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Kandy Fangs 1

27. My Ghost in a Party Dress

Sneaking weapons into a club isn’t something I normally consider given the authority of my position, but when I’m carrying enough hardware to make a distraught postal worker appear like cuddly toy bear I have to think through my options. Walking in shadow-time is easy enough, but that’s where Steve lives. I keep hearing his voice, a whisper calling my name. His scent lingers in the damp air. He steals memories, and the best I can figure is he took mine that night when he lay bleeding on my checkerboard floor. He did something before disappearing into violet smoke, and he’s been haunting me ever since. There’s only so much shit a girl can deal with.

The line at Necropolis is longer than usual full of young people wearing clothes too skimpy for the cold Autumn night. They bounce about or hug each other for warmth. I’m in my black party dress, and why not? At least I have my coat on. Behind me, a young man holds two young women in his muscular arms. He has that cocky look on his face like he’s God’s gift to the world. I’d love a bite of him, and his lovely ladies. Pulling my gaze from the morsels, I scan the street for danger. No Itoril thugs or creepy wraiths. The scent of rain mixed with cheap body spray hangs in the air.

Hearing my name, I spin around spotting the doorman, Axe, waving me over. Passing irritated faces, I march to the front of the line.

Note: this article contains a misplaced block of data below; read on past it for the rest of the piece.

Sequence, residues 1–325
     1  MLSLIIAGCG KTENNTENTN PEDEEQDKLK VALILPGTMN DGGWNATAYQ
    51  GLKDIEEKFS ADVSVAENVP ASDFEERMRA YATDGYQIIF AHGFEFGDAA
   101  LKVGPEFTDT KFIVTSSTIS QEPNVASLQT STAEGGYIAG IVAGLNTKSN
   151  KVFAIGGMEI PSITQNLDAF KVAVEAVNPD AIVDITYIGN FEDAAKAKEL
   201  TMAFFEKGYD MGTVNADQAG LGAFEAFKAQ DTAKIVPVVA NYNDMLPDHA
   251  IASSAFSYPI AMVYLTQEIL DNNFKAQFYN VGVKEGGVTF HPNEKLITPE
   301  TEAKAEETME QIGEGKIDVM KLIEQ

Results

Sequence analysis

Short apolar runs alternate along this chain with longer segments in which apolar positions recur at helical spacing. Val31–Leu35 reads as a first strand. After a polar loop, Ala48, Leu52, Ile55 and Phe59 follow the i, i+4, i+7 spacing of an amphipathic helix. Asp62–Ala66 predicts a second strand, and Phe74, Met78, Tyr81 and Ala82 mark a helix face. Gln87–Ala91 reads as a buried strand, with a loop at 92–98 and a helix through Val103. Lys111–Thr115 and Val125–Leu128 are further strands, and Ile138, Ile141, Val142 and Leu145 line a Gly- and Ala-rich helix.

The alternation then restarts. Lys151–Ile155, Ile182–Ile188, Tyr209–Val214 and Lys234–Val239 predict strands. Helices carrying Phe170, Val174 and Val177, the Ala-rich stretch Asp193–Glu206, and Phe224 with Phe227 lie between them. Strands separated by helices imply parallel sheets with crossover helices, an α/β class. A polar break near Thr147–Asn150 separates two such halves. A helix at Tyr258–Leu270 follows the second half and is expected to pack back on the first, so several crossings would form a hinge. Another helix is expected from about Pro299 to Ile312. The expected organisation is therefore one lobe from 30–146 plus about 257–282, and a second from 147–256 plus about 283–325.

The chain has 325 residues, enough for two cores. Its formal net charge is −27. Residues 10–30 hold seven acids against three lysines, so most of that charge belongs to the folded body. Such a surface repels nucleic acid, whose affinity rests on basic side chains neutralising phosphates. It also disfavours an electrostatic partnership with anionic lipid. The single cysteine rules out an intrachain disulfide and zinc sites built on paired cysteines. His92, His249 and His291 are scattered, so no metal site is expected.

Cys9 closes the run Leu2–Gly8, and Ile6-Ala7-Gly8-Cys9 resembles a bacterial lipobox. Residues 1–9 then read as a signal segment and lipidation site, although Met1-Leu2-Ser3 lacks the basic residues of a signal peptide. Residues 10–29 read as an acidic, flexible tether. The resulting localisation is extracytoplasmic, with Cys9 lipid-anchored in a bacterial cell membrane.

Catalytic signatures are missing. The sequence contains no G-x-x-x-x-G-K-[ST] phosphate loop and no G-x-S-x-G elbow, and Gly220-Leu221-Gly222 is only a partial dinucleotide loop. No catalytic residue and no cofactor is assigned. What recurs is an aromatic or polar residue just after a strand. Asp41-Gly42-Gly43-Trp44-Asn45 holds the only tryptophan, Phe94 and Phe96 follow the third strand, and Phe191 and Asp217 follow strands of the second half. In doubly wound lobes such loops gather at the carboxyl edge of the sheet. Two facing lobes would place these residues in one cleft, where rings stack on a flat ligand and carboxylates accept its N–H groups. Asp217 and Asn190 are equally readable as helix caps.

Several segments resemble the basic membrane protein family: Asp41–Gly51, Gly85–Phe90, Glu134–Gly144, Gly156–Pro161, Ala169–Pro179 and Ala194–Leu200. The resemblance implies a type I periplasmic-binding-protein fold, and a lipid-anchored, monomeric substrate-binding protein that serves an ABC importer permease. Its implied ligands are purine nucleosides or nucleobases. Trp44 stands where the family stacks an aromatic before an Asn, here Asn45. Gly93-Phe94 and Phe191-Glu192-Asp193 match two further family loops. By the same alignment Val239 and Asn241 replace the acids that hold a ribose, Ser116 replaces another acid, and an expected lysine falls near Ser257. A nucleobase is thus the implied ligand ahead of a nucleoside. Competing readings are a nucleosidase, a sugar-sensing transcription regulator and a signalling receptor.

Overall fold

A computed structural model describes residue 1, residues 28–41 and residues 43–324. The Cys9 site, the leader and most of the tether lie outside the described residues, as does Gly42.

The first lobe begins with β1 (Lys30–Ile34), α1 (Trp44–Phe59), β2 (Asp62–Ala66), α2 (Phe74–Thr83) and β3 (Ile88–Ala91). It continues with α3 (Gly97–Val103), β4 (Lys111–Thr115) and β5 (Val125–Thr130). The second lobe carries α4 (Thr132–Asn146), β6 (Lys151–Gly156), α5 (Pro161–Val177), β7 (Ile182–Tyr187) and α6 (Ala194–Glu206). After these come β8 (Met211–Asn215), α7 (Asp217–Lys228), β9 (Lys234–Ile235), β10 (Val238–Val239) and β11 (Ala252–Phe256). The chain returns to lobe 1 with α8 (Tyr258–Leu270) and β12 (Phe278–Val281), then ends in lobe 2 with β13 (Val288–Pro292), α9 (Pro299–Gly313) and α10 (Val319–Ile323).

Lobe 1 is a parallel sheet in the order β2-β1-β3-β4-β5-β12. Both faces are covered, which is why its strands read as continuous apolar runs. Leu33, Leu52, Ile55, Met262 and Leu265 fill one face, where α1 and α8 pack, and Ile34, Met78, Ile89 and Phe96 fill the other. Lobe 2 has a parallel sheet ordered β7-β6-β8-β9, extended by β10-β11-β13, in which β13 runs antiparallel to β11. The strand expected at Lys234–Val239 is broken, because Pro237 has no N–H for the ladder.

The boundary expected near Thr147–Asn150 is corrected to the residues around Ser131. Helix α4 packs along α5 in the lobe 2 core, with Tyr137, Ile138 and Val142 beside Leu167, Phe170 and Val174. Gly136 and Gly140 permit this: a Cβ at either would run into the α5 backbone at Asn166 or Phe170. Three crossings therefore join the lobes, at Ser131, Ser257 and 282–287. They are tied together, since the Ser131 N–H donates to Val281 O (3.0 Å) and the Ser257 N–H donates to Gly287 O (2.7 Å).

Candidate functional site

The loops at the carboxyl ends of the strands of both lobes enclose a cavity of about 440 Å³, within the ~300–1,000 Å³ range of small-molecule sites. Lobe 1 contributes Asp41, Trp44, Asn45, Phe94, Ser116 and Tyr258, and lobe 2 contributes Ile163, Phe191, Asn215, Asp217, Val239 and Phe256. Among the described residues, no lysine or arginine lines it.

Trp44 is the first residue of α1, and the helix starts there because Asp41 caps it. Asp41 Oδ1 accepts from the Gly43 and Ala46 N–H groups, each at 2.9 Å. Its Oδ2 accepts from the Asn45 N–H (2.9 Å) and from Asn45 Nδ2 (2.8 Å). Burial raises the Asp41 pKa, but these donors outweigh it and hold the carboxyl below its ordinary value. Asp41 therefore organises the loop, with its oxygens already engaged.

“What’s in the bag?” says Axe, wrinkling his brow. A vein rises on his bald head, but his body glow remains cool.

I press a hundred dollars into the doorman’s palm and say, “What bag?”

Axe laughs and says, “Just try not to wreck the place.”

Necropolis swallows me, doors banging shut. Striding down the stairs, the electronica works into my legs, and I bounce to the beat. If not an executioner, I’d be a dancer. Can’t beat getting paid to dance all night.

I don’t know if it’s even possible to push Steve into another head. Memory thief. Is it truly him? Or does the wraith have him? Sucking the memories out of someone has to be the most invasive intrusion imaginable. Finding another victim isn’t tough. Original Steve Reynolds, Torx, is apparently a mind he’s at least lifted the name from if not indulged in. I’m certain Torx will take to the vampire ice rumor and arrive looking for a good time.

If the wraith doesn’t accept my offering, then it’s going to end one way or another. Kill the wraith, and be free of the torment. Or die and be free of it all. Retirement is permanent for executioners.

There’s plenty of open space on the dance floor at the early hour. On the stage, a disc jockey with a tired expression works his machine. Hopefully the main band is loud enough to hide the screams, if it comes to that. Maybe Torx can handle a little bite. Passing the dance floor, I dive into the dark back hall coming to a closed black curtain.

Peeling the curtain aside, I find a dressing room lit by circles of glowing bulbs around mirrors on the left wall. At the back, a shower drips on the tile. Lockers occupy the wall on the right where a young woman sets a black purse on the floor of an open locker. Walking to the locker on the near end, I open the door. It squeaks, so I close it and try another. It’s tall, nearly big enough for a small person to squeeze inside.

The woman, one of the podium dancers if I remember correctly, glares at me. “You’re not supposed to be in here. I’ll call security.”

Opening my bag, I pull out my shotgun and lean it, barrel up, inside the locker. Holding my katana, I pop the blade free checking friction, and push it closed. I lean the sword into the other corner. On the shelf, I set several spare ammunition clips for my handgun.